Immigration (Legal & Non)

padraig (u.s.)

a monkey that will go ape
feelings-wise I'm pro-both, generally. ningún ser humano es ilegal, after all. but talking in practical IR/political/& especially economic terms. don't intend this to be solely U.S./Mexico, but in general. after all it perhaps even a bigger/more contentious issue in Europe, even if you guys can't match us for sheer militarization & solipsistic callousness. & obv the issue will only become more pressing as resources decline, economic inequities widen, etc.

flows of human traffic, how states & other actors attempt, with or without success, to control or direct those flows. the paradox of ever "freer" trade w/ever more tightly policed borders. the interrelations between legal & illegal flows of humans, goods, capital, etc. & so on.

Saskia Sassen article from 2006 - scathing takedown of the ineptitude of U.S. border policy & how it relates to the EU

But the difference is actually not where the limits of walls make themselves visible. The wall and the weaponised border function in a vaster ecology. That larger ecology helps explain the failures of government attempts to stop unauthorised migration via border controls.
Before 1992, the cost of making one arrest along the US-Mexico border stood at $300; by 2002, that cost had grown by 467% to $1,700 and the probability of apprehension had fallen to a forty-year low. In the 1980s, the probability that an undocumented migrant would be detained while crossing was 33%; by 2000 it was 10%, despite massive increases in spending on border enforcement.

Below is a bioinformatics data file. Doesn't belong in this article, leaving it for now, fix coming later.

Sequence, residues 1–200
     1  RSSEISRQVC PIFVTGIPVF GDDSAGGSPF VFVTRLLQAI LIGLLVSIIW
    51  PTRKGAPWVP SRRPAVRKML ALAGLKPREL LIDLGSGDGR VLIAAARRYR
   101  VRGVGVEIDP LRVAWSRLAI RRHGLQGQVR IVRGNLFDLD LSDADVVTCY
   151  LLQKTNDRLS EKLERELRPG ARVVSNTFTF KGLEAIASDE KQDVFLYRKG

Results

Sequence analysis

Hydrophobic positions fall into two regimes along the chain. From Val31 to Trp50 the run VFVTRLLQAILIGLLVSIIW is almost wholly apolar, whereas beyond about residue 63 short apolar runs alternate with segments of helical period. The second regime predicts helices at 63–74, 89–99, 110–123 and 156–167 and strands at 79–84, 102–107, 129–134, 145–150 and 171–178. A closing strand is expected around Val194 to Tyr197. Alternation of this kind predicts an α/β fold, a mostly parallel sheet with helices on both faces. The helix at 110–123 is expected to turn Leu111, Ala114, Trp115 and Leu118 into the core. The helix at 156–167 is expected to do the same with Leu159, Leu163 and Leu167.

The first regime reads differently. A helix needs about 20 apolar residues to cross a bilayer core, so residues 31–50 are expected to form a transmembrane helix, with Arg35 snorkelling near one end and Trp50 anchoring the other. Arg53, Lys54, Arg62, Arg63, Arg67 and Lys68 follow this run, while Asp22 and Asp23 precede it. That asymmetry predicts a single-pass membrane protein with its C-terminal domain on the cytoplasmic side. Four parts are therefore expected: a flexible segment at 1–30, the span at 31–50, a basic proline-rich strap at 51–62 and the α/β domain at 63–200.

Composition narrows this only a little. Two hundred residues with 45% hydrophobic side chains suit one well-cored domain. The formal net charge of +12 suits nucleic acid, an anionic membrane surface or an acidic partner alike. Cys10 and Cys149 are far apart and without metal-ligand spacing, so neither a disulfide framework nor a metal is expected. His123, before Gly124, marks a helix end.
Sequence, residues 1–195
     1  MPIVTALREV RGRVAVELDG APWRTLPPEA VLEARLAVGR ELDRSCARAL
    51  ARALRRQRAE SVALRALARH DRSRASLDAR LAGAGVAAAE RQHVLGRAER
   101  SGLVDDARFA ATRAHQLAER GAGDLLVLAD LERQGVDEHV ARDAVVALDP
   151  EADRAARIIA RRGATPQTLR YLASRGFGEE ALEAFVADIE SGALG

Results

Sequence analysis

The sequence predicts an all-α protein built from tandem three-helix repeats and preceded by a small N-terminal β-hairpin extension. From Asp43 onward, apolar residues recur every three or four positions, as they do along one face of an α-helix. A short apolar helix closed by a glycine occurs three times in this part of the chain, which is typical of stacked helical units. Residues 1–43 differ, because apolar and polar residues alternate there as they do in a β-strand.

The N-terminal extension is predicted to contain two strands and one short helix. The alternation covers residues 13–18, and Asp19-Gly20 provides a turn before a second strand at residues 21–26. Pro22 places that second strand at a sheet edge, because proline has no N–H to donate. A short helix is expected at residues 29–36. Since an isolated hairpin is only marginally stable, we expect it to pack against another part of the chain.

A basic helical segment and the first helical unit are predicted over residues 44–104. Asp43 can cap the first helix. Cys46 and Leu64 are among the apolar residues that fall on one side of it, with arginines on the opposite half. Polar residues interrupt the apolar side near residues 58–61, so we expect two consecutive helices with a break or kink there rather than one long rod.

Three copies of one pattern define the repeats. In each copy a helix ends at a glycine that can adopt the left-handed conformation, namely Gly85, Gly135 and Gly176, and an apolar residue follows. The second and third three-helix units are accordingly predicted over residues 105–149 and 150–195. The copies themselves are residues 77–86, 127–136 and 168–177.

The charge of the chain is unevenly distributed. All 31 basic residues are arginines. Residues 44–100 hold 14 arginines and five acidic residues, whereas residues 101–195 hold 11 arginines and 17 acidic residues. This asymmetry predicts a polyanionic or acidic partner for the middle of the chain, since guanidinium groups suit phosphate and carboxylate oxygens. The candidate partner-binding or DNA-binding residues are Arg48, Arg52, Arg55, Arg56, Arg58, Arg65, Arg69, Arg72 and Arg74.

The winners include arms manufacturers; large corporate employers in particular sectors of the economy that tend to employ significant numbers of undocumented workers; various lobbies; employers of undocumented immigrants generally...and the growing numbers of smugglers whose fees and business have expanded as government policies make border-crossing more difficult and risky....The losers include citizens whose taxes are paying for a far larger and costlier border-control operation that is not even reducing illegal crossings (the intended policy outcome); the migrants themselves whose crossings have become far more difficult, dangerous, and sometimes deadly (as well as costly, given the greater need to use a smuggler)...
plus loads of other cogent points

pdf from 1999 (but still relevant, perhaps even moreso) cited in the article - The Escalation of U.S. Immigration Control in the Post-NAFTA Era

Enhanced border policing, I argue, has less to do with actual deterrence
and more to do with managing the image of the border and coping with the
deepening contradictions of economic integration.
on a personal note:

when I was teaching (or trying to anyway) English to migrant laborers in Oakland back in 2004-6 or so nearly everyone I'd meet was from southern Mexico - Chiapas, Oaxaca, Yucatan, Tabasco, Veracruz - or Guatamala, El Salvador, Nicaragua. the ripple effects of NAFTA.

the U.S./Mexico border is a truly grim place, tho of course some spots (Juarez/El Paso, for example) are grimmer than others. it is one thing to read about & another to see it first hand - the white Border Patrol (or DHS now I guess) SUVs patrolling in the desert, arrays of cameras, abysmal poverty, the gross specter of American tourists, the fabricas & their female workforces & paramilitarized security. the whole thing is lunacy, really.